In an extremely short 78-day time period, Green Day released three brand new albums titled ¡Uno!, ¡Dos!, and ¡Tré! towards the end of 2012. But isn’t releasing three full-length albums, totaling at 37 tracks, a bit over the top and too much to handle?
With ¡Uno! kicking off the trilogy in September, Green Day released a fairly decent album, reinventing their musical style and bringing a new energy to the stage with an excessive pop feel. The band also experimented with sounds and genres that they’ve never touched before, as seen in their dance-punk song, “Kill the DJ.”
¡Uno! is probably the best album out of the trilogy, bringing a positive start to Green Day’s three-album release. However, songs like “Oh Love” prove otherwise. A combination of pop punk and alternative rock, the song features a crisp guitar lead as Billie Joe Armstrong sings how his “heart’s on the loose.” Nevertheless, the overall track isn’t the best and the music video features the members of Green Day partying with some scantily clad models: nothing unique or worthwhile like the band has made in the past.
Compared to ¡Uno!, ¡Dos!, released in November, was rather dull. The entire album features an assortment of disappointing and unorganized songs, proving the band to be a group of 40-year-old men trying to act like adolescents. ¡Dos!, far from the pop punk feel eminent in ¡Uno!, sounds as if Green Day is trying to play classic rock and roll in a garage, which makes the album rather unsuccessful.
Unlike ¡Dos!, ¡Tré! was able to hold a candle to ¡Uno! in its December release. Bringing the dynamic energy back on the stage and mixing together sounds Green Day had used in their earlier albums in the 90s and 2000s, Green Day successfully created music composed of their modern and old styles.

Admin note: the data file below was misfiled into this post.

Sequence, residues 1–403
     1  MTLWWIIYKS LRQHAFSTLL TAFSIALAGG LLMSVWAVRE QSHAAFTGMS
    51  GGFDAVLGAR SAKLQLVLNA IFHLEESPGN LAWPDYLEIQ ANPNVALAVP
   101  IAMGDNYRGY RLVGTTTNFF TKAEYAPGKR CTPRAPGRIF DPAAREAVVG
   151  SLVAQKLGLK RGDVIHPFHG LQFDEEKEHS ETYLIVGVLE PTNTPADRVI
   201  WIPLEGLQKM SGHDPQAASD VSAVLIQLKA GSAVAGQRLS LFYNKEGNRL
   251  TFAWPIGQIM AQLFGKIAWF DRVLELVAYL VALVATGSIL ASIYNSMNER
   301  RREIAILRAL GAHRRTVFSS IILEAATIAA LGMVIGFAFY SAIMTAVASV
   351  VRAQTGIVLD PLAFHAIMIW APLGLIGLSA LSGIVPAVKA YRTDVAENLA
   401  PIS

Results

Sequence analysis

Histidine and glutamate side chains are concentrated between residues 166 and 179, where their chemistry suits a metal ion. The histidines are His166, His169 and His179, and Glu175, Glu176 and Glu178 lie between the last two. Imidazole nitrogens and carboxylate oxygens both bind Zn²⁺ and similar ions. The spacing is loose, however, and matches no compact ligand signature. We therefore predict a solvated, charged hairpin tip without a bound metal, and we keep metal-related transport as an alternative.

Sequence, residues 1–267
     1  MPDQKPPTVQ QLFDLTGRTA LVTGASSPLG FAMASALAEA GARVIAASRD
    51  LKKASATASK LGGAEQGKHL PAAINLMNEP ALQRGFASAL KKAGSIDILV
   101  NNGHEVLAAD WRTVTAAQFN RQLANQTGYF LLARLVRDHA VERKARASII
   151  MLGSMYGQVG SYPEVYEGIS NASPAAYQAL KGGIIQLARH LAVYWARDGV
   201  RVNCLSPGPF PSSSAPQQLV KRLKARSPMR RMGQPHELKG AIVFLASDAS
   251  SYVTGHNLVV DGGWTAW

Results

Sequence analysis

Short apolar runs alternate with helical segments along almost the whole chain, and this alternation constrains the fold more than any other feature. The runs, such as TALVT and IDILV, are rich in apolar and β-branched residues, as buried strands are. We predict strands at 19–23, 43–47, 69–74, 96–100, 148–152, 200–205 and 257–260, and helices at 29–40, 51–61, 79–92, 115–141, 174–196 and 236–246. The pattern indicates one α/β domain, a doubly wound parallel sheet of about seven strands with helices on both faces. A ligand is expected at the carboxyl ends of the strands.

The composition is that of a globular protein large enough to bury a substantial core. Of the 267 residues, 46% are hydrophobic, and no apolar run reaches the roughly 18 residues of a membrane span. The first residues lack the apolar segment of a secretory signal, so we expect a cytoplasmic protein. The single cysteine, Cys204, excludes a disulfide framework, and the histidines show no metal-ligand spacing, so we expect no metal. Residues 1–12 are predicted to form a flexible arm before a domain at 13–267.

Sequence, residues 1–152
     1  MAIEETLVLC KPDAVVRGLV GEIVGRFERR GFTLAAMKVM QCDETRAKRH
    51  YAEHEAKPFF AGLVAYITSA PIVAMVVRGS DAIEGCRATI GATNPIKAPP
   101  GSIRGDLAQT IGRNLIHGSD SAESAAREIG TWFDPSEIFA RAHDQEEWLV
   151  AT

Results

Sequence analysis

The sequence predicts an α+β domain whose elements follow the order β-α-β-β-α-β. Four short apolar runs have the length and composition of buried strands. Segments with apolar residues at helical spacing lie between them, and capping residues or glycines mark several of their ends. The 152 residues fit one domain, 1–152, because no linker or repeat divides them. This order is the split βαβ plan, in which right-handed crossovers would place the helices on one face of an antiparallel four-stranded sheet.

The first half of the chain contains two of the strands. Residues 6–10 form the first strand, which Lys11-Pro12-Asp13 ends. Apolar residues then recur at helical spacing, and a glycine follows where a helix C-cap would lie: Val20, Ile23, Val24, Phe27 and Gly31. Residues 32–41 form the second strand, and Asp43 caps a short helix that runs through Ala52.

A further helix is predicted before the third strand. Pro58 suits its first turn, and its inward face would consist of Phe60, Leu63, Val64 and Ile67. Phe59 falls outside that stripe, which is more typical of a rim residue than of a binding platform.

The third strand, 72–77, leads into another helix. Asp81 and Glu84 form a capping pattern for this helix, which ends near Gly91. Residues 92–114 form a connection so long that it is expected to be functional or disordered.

The song “The Forgotten” had been included in the soundtrack of The Twilight Saga: Breaking Dawn – Part 2, and the single “X-Kid” is an inspirational track, with lyrics describing a youthful desire for a better future. ¡Tré! is a great album, closing Green Day’s newest saga with a bang.
The trilogy of ¡Uno!, ¡Dos!, and ¡Tré! is symbolic in Green Day’s deviation from the rock operas and the tales of American youth, as seen in their albums American Idiot and 21st Century Breakdown. However, the step away from what they’ve become known for almost an entire decade isn’t necessarily progressive. The three albums are riddled with unnecessary profanity and describe the sexual frustration of aging men.
Overall, all three albums could have been much better. Maybe releasing three whole albums in a short span of time wasn’t one of their best decisions.